The second source of suspicion of elitism derives from a constellation of practical and populist notions about the vocational purpose of education, some of the more sophisticated of which derive from Adler's old foe John Dewey. Adler does not help his cause with such critics when he argues that the ancients regarded the training for particular jobs as the training of slaves. In Adler's view, the ancients, always his authority on matters of education, saw the pursuit of happiness as the universal human vocation and the primary, if not the sole, purpose of education.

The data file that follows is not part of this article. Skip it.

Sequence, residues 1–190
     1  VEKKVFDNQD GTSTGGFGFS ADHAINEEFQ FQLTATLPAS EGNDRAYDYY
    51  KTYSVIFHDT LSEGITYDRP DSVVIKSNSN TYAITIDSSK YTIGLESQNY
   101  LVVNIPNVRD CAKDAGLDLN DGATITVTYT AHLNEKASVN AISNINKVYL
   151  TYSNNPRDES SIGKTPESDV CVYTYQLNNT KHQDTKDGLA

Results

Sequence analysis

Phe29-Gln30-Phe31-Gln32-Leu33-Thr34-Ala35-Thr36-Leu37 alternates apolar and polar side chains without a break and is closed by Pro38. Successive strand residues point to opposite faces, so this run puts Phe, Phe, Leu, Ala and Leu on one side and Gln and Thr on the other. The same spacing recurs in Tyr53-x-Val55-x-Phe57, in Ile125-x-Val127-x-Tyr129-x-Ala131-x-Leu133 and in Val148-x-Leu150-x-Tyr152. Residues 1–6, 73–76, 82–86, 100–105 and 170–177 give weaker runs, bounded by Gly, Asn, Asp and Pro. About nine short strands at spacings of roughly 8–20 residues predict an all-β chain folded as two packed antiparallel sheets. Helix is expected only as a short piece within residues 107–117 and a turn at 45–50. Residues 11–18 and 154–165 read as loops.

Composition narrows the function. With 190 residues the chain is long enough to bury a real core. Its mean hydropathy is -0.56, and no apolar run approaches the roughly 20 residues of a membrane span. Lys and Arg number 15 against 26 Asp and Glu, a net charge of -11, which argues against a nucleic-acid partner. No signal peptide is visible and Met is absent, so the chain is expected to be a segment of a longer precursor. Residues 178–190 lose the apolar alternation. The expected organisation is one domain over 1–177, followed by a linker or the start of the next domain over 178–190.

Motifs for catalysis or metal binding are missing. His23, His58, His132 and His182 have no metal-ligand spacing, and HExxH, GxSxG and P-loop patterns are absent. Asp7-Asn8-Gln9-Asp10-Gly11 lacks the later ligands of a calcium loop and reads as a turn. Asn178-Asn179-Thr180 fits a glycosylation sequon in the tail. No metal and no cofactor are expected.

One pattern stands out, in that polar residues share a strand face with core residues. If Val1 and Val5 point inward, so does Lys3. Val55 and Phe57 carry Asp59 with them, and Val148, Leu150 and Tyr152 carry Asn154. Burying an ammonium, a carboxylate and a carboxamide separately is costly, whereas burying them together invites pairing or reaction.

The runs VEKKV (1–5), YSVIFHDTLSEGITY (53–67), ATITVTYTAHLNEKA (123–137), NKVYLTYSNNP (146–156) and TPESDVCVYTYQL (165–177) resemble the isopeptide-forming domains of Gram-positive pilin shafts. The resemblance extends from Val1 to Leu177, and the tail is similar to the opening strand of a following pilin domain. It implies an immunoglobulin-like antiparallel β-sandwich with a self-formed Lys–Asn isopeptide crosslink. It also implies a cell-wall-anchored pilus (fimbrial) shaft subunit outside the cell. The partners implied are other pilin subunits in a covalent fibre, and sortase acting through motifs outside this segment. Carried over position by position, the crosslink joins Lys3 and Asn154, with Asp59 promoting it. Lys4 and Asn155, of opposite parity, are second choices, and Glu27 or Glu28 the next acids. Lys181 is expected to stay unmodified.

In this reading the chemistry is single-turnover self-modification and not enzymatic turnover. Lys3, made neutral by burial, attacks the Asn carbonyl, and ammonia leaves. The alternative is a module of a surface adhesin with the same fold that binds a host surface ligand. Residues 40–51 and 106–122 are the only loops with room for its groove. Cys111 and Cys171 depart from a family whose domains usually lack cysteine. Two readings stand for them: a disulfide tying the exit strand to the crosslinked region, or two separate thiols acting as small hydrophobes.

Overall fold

Finally, programs inspired or supported by Adler have faced charges of bias and elitism. In 1986, these charges flared during debates at Stanford University, when students and faculty challenged a freshman requirement and its “core list” of 15 works, from Homer and the Hebrew Bible to Marx, Darwin, and Freud. The controversy culminated in 1989 with Stanford replacing “Western Culture” with a multicultural course titled “Culture, Institutions, and Values,” or CIV. More directly and personally, charges of racism and sexism hounded Adler then and continue to this day—for his sometimes strident opposition to the inclusion of works by non-Western and non-European writers as well as works by women and persons of color and for his unwavering advocacy of the so-called canon consisting almost exclusively of “dead White males.” Champions of multiculturalism at Stanford and elsewhere included Black student organizations, feminist groups, and others on the cultural left who argued that a curriculum like Adler's could not be relevant to the contemporary world in which students lived. The lack of “balance” in the curriculum was proof that there must be a bias beneath the egalitarian surface of the Paideia Program. Adler countered that great books, as opposed to good books, are not relevant for one moment or locale but for all time and that they provide an essential grounding for everyone—a common culture necessary for a functional democracy.